Biodiversity Information Science and Standards : Conference Abstract
Conference Abstract
From Data to Knowledge: A semantic knowledge graph application for curating specimen data
expand article infoPeter Grobe, Roman Baum§, Philipp Bhatty, Christian Köhler, Sandra Meid, Björn Quast, Lars Vogt§
‡ Zoological Research Museum Alexander Koenig, Bonn, Germany
§ Rheinische Friedrich-Wilhelms-Universität, Bonn, Germany
Open Access


The landscape of currently existing repositories of specimen data consists of isolated islands, with each applying its own underlying data model. Using standardized protocols such as DarwinCore or ABCD, specimen data and metadata are exchanged and published on web portals such as GBIF.

However, data models differ across repositories. This can lead to problems when comparing and integrating content from different systems. for example, in one system there is a field with the label 'determination', in another there is a field with the label 'taxonomic identification'. Both might refer to the same concepts of organism identification process (e.g., 'obi:organism identification assay';, but the intuitive meaning of the content is not clear and the understanding of the providers of the information might differ from that of the users. Without additional information, data integration across isolated repositories is thus difficult and error-prone. As a consequence, interoperability and retrievability of data across isolated repositories is difficult.

Linked Open Data (LOD) promises an improvement. URIs can be used for concepts that are ideally created and accepted by a community and that provide machine-readable meanings. LOD thereby supports transfer of data into information and then into knowledge, thus making the data FAIR (Findable, Accessible, Interoperable, Reusable; Wilkinson et al. 2016). Annotating specimen associated data with LOD, therefore, seems to be a promising approach to guarantee interoperability across different repositories. However, all currently used specimen collection management systems are based on relational database systems, which lack semantic transparency and thus do not provide easily accessible, machine-readable meanings for the terms used in their data models. As a consequence, transferring their data contents into an LOD framework may lead to loss or misinterpretation of information. This discrepancy between LOD and relational databases results from the lack of semantic transparency and machine-readability of data in relational databases.

Storing specimen collection data as semantic Knowledge Graphs provides semantic transparency and machine-readability of data. Semantic Knowledge Graphs are graphs that are based on the syntax of ‘Subject – Property – Object’ of the Resource Description Framework (RDF). The ‘Subject’ and ‘Property’ position is taken by URIs and the ‘Object’ position can be taken either by a URI or by a label or value. Since a given URI can take the ‘Subject’ position in one RDF statement and the ‘Object’ position in another RDF statement, several RDF statements can be connected to form a directed labeled graph, i.e. a semantic graph. Semantic Knowledge Graphs are graphs in which each described specimen and its parts and properties possess their own URI and thus can be individually referenced. These URIs are used to describe the respective specimen and its properties using the RDF syntax. Additional RDF statements specify the ontology class that each part and property instantiates. The reference to the URIs of the instantiated ontology classes guarantees the Findability, Interoperability, and Reusability of information contained in semantic Knowledge Graphs. Specimen collection data contained in semantic Knowledge Graphs can be made Accessible in a human-readable form through an interface and in a machine-readable form through a SPARQL endpoint ( As a consequence, semantic Knowledge Graphs comply with the FAIR guiding principles. By using URIs for the semantic Knowledge Graph of each specimen in the collection, it is also available as LOD.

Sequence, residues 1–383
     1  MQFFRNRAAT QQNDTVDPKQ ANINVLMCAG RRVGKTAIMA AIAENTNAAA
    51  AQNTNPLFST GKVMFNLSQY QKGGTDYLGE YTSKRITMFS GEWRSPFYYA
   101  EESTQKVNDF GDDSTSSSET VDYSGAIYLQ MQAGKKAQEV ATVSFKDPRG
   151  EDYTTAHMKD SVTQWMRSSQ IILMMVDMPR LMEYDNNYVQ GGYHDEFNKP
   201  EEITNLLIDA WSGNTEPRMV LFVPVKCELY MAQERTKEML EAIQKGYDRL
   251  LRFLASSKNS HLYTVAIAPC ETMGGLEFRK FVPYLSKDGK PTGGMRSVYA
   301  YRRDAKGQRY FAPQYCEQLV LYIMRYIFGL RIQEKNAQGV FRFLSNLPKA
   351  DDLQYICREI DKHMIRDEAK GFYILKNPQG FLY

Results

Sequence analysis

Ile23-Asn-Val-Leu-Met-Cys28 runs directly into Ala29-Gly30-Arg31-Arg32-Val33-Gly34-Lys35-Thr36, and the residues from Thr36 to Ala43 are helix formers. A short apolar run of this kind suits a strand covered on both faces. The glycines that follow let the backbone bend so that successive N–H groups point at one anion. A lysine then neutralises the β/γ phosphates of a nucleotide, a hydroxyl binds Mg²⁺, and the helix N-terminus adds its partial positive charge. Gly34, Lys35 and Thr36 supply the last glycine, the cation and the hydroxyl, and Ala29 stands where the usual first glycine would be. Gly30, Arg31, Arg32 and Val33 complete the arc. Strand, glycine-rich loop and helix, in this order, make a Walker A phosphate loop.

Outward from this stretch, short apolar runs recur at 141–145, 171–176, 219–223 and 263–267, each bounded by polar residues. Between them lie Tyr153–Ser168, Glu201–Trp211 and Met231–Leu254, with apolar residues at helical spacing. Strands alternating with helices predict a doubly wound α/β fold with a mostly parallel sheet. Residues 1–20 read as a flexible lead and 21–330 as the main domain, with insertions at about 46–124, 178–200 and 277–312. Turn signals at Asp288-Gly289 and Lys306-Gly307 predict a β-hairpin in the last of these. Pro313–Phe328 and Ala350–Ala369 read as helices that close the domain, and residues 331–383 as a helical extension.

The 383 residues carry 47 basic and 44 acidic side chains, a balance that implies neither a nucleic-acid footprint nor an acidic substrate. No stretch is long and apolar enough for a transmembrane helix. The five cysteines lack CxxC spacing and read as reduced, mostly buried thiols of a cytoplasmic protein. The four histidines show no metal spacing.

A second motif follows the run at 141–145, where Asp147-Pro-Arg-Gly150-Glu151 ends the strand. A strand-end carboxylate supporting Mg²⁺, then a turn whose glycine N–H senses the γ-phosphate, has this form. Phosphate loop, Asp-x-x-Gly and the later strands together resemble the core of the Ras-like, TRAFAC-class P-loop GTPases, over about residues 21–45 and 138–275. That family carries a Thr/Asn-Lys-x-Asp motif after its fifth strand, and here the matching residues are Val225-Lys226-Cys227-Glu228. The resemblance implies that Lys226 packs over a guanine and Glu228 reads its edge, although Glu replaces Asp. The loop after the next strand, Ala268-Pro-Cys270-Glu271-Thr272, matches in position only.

With semantic Morph·D·Base, we have implemented a prototype to this approach that is based on Semantic Programming. We present the prototype and discuss different aspects of how specimen collection data are handled. By using community created terminologies and standardized methods for the contents created (e.g. species identification) as well as URIs for each expression, we make the data and metadata semantically transparent and communicable.

The source code for Semantic Programming and for semantic Morph·D·Base is available from The prototype of semantic Morph·D·Base can be accessed here:


semantic programming; FAIR data principle; knowledge graph application; collection data

Presenting author

Peter Grobe

Presented at

Biodiversity_Next 2019

Funding program

DFG LIS: Information Infrastructures for Research Data (

Grant title

eScience-Compliant Standards for Morphology


login to comment